Is Lowering the PD-L1 Threshold for First-Line Pembrolizumab Monotherapy a Good Idea?

Jose M. Pacheco


Transl Lung Cancer Res. 2019;8(5) 

In This Article


Prior to the advent of inhibitory antibodies targeting programmed death 1 (PD-1) or programmed death ligand 1 (PD-L1), the median overall survival (OS) for advanced/metastatic non-small cell lung cancer (NSCLC) patients receiving first-line platinum doublet chemotherapy was approximately 8–12 months and 5-year survival rates were estimated at 2%.[1–3] Subsequently, randomized phase III trials comparing atezolizumab, nivolumab or pembrolizumab to docetaxel as second-line therapy were conducted in NSCLC. In each of these trials, there was an OS benefit when comparing the respective PD-1 or PD-L1 inhibitor to docetaxel.[4–7] Within KEYNOTE-010, patients with PD-L1 ≥50% on tumor cells (TCs) administered pembrolizumab had a greater magnitude of benefit compared to docetaxel than patients with PD-L1 of 1–49%.[6] In each of these second-line trials patients with epidermal growth factor receptor (EGFR) activating mutations did not benefit from PD-1 axis inhibitors when compared to docetaxel, with data on any included ALK rearranged patients not detailed.[4–7] Subsequently, KEYNOTE-024 demonstrated that for advanced/metastatic NSCLC patients with PD-L1 ≥50% on TCs by the 22-C3 immunohistochemistry assay and lacking EGFR activating mutations/ALK fusions that pembrolizumab had a significantly greater objective response rate (ORR), progression-free survival (PFS) and OS when compared to platinum-based doublets as first-line therapy.[8,9]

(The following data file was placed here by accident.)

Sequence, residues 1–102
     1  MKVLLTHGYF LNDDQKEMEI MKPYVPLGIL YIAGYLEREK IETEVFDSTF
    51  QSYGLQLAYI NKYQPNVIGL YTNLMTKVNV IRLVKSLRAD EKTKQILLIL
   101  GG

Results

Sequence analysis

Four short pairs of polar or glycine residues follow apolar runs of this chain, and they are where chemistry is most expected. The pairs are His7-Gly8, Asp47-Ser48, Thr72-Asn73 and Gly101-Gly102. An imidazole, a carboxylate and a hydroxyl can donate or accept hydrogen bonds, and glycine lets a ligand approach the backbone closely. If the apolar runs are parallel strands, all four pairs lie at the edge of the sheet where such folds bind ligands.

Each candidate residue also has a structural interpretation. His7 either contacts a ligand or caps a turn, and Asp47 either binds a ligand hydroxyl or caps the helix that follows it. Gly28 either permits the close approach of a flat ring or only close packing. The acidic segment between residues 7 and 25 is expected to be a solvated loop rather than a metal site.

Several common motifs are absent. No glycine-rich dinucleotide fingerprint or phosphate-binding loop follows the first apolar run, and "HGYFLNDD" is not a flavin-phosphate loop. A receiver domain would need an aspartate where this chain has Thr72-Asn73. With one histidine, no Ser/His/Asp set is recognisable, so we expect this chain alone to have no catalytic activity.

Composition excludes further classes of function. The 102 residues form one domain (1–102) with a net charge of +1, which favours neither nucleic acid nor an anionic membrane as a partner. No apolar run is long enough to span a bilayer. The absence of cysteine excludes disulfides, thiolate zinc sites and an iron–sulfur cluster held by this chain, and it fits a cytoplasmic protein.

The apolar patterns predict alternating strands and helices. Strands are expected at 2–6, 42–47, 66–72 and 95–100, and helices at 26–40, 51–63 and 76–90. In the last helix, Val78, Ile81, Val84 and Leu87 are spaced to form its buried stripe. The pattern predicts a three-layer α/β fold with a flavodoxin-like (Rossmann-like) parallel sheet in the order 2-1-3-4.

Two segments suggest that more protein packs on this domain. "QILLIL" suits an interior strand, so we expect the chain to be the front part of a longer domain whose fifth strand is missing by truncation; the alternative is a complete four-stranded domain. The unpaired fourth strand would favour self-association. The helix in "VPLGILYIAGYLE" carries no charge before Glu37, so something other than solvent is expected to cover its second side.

Because of KEYNOTE-024, multiple regulatory agencies and guideline panels approved pembrolizumab monotherapy for patients with newly diagnosed advanced/metastatic NSCLC, PD-L1 ≥50% on TCs and lacking EGFR activating mutations/ALK fusions. Following this, both atezolizumab plus bevacizumab plus carboplatin plus paclitaxel (ABCP) and pembrolizumab plus histology dependent chemotherapy were compared to platinum-based chemotherapy in randomized phase III trials. For patients lacking EGFR activating mutations/ALK fusions these chemo-immunotherapy combinations improved efficacy outcomes compared to platinum-based chemotherapy.[10–12] In KEYNOTE-189, pembrolizumab plus platinum/pemetrexed had better ORR (47.6% vs. 18.9%, P<0.001), PFS [hazard ratio (HR) 0.52, P<0.001] and OS (HR 0.49, P<0.001) than platinum/pemetrexed across non-squamous NSCLC patients with any level PD-L1 staining (including PD-L1 negative patients).[10] In IMpower150, the regimen of ABCP also demonstrated improved ORR (63.5% vs. 48%), PFS (HR 0.62, P<0.001) and OS (HR 0.78, P=0.02) for non-squamous NSCLC patients regardless of PD-L1 staining when compared to carboplatin plus paclitaxel plus bevacizumab.[12] Similarly, within KEYNOTE-407, pembrolizumab plus platinum/taxane demonstrated improved ORR (57.9% vs. 38.4%), PFS (HR 0.56, P<0.001) and OS (HR 0.64, P<0.001) for squamous NSCLC patients regardless of PD-L1 staining.[11] CheckMate-026, which compared nivolumab to histology dependent platinum-based doublets in patients without EGFR activating mutations/ALK fusions, failed to demonstrate improved OS for nivolumab in the overall study population with PD-L1 ≥5% on TCs or in the subgroup with PD-L1 ≥50% on TCs.[13] Until recently, the recommended first-line therapy by most guideline panels and regulatory agencies for metastatic NSCLC patients lacking an approved targeted therapy option has been pembrolizumab monotherapy or chemo-immunotherapy (ABCP or pembrolizumab plus histology dependent chemotherapy) if PD-L1 was ≥50% on TCs and chemo-immunotherapy if PD-L1 was <50% on TCs.